Oceanographic Researcher Björn Backeberg in Mail & Guardian 200 young South African listing.
13 Aug 2015 - 10:15
For all the satellite imagery and global information available about the ocean, the true patterns of its currents and its responses to change are often shrouded in mystery. These are mysteries Dr BjörnBackeberg, oceanographic researcher and co-director of the Nansen-Tutu Centre for Marine Environmental Research in the Department of Oceanography at the University of Cape Town, is working to understand. As possibly the only scholar in South Africa working in the area of ocean data assimilation with its significant importance for operational oceanography, Backeberg aims to ultimately develop a tool for use by the Weather Service and the department of environmental affairs to accurately predict ocean current behavior and responses to changing conditions.
Having initially set out to study business science in Cape Town, Backeberg quickly realised that his interest lay in the ocean. As a keen surfer and commercial diver, he wanted to work in a field related to the ocean. “But I was never very good at biology,” he admits, “So I did not go in to marine biology, the more ‘romantic’ side of marine sciences.”
Instead, his focus is on numerical modelling with the help of supercomputers, to understand the impacts of climate change and wind patterns on ocean currents. Among a number of papers he has written, in 2012 he co-authored an important article on climate change effects in the Indian Ocean and the Agulhas Current, in the prestigious international journal Nature Climate Change. His work is challenging, he says, because of the complexity and cost involved in gathering accurate data on the vast ocean. The most rewarding aspects of the work are occasional trips out to sea, and discovering that simulations have accurately predicted the real conditions. It’s engaging work, he says: “There is still so much to be done. There are unbelievable mysteries in the ocean — every day you find something new.”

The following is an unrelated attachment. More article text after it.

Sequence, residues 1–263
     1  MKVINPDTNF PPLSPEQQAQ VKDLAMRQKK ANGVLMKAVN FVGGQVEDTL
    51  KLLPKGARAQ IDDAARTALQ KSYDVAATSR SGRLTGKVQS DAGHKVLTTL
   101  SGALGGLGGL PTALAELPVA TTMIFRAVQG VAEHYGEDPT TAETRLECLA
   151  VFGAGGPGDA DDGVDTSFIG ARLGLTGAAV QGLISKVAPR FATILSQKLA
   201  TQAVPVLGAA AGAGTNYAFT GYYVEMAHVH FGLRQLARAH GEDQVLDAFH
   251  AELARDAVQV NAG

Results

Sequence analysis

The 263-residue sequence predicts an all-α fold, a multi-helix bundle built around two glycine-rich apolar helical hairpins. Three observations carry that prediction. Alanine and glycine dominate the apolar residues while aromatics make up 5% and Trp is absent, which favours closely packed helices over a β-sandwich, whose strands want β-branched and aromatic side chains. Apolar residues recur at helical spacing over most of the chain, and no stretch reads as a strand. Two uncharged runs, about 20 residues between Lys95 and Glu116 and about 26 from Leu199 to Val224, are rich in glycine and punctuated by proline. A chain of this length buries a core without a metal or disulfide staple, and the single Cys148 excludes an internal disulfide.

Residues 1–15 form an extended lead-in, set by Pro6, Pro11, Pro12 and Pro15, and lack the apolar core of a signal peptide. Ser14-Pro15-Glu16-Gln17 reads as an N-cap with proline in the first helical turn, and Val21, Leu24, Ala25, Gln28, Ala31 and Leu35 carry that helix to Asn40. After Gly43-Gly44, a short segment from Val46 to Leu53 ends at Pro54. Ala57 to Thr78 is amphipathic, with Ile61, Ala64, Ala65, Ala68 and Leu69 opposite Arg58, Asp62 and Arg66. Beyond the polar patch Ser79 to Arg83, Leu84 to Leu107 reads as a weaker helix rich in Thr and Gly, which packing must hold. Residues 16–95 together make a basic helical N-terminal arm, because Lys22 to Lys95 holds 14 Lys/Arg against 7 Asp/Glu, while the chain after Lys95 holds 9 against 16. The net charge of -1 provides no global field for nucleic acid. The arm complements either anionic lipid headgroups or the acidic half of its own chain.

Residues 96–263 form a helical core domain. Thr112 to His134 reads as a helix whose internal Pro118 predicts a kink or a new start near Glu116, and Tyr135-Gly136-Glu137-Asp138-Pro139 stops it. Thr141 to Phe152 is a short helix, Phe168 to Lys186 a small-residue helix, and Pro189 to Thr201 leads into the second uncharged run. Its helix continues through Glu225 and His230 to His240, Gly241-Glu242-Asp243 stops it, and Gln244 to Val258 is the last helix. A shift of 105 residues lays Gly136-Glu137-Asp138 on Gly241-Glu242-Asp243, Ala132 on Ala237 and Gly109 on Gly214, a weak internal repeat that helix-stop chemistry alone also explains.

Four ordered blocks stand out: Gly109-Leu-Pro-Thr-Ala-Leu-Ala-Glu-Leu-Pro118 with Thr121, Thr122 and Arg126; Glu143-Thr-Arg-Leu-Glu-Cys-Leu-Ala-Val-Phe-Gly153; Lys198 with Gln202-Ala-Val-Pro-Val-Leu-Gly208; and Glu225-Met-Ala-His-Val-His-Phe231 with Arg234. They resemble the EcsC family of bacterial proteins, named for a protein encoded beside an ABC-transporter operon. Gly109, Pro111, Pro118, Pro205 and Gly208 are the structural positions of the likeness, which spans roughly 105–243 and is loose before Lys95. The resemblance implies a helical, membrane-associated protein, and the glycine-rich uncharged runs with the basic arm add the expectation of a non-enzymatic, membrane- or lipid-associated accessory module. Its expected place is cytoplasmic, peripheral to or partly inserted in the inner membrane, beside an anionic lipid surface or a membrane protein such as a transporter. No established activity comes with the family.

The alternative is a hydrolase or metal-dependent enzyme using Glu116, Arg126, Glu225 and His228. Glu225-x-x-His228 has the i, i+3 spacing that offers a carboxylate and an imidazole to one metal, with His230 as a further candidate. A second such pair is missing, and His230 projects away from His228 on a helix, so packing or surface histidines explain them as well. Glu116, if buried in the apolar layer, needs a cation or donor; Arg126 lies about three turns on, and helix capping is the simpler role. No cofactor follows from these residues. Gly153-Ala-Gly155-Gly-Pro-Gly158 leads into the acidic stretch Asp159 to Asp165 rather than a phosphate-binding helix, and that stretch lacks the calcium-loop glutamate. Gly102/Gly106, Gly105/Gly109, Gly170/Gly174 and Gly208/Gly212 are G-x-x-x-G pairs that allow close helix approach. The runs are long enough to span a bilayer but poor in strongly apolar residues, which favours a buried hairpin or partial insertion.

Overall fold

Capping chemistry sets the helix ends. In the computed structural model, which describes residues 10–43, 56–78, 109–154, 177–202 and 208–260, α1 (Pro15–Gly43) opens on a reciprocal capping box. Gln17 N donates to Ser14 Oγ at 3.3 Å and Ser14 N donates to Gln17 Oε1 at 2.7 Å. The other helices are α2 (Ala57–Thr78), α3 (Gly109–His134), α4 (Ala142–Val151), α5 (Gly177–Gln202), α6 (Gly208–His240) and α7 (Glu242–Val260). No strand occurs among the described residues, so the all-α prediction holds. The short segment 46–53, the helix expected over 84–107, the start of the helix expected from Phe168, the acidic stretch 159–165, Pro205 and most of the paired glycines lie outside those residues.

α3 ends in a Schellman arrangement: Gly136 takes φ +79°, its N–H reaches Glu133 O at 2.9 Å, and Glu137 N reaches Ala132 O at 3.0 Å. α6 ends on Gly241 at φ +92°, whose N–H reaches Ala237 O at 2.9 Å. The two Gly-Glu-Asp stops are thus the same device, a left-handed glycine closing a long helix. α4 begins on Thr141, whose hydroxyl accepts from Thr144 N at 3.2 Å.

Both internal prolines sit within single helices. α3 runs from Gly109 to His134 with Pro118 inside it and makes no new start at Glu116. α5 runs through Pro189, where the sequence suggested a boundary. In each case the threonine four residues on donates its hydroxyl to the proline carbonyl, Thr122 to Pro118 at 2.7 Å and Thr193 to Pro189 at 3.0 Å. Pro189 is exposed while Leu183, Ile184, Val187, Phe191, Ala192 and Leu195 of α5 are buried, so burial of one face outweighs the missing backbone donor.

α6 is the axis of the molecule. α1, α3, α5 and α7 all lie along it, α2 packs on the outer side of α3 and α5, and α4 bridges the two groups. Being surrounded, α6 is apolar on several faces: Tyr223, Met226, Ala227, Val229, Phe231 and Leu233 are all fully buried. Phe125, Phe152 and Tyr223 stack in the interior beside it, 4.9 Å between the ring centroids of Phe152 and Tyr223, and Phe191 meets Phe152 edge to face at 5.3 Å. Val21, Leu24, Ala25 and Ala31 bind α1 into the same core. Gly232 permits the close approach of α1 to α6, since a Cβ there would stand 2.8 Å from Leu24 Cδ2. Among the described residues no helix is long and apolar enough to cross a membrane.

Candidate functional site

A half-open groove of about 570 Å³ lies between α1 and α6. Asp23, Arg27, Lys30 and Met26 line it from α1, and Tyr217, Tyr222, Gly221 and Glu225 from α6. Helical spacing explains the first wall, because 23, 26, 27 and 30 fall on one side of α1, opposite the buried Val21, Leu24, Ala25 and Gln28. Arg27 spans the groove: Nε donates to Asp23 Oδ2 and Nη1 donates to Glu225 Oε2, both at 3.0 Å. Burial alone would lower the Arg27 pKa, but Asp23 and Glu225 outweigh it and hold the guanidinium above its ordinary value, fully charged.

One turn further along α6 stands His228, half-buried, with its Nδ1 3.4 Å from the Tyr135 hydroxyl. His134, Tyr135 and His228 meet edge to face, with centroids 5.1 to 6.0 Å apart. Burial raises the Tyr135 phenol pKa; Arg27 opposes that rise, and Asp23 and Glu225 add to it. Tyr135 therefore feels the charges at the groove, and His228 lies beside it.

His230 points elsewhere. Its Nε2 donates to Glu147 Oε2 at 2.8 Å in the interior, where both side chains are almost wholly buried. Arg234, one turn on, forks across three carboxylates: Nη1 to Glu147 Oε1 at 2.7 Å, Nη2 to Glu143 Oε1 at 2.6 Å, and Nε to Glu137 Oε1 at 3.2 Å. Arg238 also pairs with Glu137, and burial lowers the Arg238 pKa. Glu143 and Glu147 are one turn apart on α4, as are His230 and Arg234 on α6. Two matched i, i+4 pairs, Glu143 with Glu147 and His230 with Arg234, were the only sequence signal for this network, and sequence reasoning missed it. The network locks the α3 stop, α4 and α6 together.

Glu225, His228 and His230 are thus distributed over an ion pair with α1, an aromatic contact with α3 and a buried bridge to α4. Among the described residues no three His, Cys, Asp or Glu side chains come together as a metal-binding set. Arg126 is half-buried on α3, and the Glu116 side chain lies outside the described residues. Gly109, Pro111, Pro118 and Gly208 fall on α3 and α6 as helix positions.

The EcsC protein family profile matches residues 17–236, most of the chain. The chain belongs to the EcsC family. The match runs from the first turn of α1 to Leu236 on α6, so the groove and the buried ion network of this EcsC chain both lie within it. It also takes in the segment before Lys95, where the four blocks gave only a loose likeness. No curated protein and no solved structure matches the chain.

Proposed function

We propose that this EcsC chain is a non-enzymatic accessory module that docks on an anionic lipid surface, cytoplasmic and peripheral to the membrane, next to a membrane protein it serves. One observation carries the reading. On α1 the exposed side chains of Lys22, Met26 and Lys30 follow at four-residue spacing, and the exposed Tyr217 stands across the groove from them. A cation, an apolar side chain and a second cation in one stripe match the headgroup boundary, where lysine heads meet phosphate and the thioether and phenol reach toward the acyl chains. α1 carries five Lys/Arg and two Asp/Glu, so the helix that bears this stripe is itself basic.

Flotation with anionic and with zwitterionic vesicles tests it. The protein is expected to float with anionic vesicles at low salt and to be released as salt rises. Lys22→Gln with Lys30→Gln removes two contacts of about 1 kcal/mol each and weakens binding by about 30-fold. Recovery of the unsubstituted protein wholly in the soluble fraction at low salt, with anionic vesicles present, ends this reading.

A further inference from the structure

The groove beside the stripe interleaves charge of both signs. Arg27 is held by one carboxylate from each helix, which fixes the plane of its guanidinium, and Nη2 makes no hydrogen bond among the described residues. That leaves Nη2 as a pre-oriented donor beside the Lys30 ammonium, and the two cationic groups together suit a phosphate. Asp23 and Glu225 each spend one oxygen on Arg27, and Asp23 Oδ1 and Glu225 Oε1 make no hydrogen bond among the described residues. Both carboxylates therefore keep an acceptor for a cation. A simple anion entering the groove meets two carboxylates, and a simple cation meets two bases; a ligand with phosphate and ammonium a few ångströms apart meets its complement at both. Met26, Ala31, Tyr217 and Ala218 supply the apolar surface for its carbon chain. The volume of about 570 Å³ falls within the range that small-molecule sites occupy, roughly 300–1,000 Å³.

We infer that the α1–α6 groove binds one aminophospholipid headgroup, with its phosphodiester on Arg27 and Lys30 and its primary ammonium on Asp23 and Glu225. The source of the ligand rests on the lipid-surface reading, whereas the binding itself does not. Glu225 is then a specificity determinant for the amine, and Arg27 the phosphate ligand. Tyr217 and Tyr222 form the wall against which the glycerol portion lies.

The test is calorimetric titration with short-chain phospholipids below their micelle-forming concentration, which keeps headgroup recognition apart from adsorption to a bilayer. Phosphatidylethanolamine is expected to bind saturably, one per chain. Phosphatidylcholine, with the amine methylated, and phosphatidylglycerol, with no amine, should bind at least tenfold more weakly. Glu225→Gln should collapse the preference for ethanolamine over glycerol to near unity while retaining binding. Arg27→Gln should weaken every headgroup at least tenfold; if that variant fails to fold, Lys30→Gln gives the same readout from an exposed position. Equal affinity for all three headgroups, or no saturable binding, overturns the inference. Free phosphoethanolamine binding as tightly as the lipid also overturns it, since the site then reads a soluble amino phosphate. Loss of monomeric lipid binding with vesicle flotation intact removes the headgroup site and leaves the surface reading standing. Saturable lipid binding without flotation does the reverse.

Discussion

In addition to developing models to help us better understand ocean currents, Backeberg hopes that his work will ultimately contribute to job creation for more oceanographic researchers. “It’s an interesting field, but the career path in oceanography is not well developed in South Africa. Hopefully by developing the operational aspect of oceanography, we can create more opportunities for students to study the science and work in the marine sector of industry.”
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